Sulfonate producer Chemtura Canada Inc. has been fined $150,000 after a pump failure at its Scarborough, Ontario facility discharged sulphuric acid into the environment.
The plant produces sulfonates and silicates used in lubes, industrial oil formulations and greases, according to an announcement from the Ontario Ministry of the Environment.
The ministry stated that the release of the sulphuric acid caused adverse impacts to the surrounding environment and community. People exposed to the mist reported health impacts.
Area businesses were shut down, people in the area were evacuated, and a number of schools in the area were impacted.
“Environmental protection legislation protects communities and the environment. Breaking these rules can result in serious penalties and is an offence the Ministry takes very seriously,” said Environment Minister Jim Bradley in the December 2012 announcement to media.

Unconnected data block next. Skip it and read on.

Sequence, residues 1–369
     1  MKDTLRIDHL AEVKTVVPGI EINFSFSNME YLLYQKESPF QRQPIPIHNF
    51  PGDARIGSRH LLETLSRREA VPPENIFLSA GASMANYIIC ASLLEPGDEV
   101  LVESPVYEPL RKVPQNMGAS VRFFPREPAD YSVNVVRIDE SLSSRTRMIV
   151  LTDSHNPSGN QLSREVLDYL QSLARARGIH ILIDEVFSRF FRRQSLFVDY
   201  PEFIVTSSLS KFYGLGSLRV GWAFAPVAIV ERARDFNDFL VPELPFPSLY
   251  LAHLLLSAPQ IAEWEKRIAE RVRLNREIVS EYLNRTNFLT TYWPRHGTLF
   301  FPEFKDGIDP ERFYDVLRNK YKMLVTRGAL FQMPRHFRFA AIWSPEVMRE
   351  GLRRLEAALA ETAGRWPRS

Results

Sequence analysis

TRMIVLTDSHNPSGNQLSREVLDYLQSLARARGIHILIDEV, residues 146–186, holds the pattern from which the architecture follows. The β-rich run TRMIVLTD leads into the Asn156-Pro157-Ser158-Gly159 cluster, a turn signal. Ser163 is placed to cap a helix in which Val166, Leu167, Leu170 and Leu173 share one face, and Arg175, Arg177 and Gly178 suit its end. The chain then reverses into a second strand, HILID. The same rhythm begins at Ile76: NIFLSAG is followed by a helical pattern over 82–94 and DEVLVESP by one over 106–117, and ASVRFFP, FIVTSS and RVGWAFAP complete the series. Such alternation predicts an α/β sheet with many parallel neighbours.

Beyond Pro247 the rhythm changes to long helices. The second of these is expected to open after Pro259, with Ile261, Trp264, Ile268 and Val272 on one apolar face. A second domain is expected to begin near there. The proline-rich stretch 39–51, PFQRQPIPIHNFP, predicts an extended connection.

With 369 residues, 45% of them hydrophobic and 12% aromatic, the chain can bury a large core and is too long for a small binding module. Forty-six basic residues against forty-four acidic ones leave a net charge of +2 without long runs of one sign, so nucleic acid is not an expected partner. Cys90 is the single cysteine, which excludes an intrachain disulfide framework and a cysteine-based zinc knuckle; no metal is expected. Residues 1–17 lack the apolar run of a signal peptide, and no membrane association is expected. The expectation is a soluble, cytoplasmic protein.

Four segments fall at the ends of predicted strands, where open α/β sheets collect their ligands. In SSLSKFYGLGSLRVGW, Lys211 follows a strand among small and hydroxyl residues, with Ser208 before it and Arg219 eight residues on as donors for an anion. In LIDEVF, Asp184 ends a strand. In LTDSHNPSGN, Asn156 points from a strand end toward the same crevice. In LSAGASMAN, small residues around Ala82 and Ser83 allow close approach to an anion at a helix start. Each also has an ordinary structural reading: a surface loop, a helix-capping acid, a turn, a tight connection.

The company was fined $150,000 plus the victim fine surcharge of $37,500 and was given 90 days to pay the fine.
On May 14, 2012, Chemtura Canada made headlines when the company pled guilty to a 2010 spill at its Emira plant near Waterloo. The spill forced BLE-25 and acetone into the natural environment. BLE-25 contains diphenylamine (DPA) and is used as an antioxidant to manufacture rubber products.
The offence under the Environmental Protection Act left Chemtura with a $150,000 fine issued by the province.
The spill resulted in black particulate fallout in Elmira. At the time, company officials said the impact stretched about 1.5 kilometres in a southwest line from the site.
Chemtura Canada spent $1.7 million cleaning up the spill and paying for property damage. The company also implemented preventive measures, including addition of a dedicated operator to run the BLE-25 process.
At the time of the 2010 spill, Chemtura manager of environment health and safety, Dwight Este, exlained how the accident occurred.
“At a certain pressure, the system gives way and that’s when the material was released from a vent into the atmosphere,” Este said. “That’s the design of the system. It prevents the vessel from rupturing.”
The MOE stated the release of sulphuric acid caused adverse impacts to the surrounding environment and community.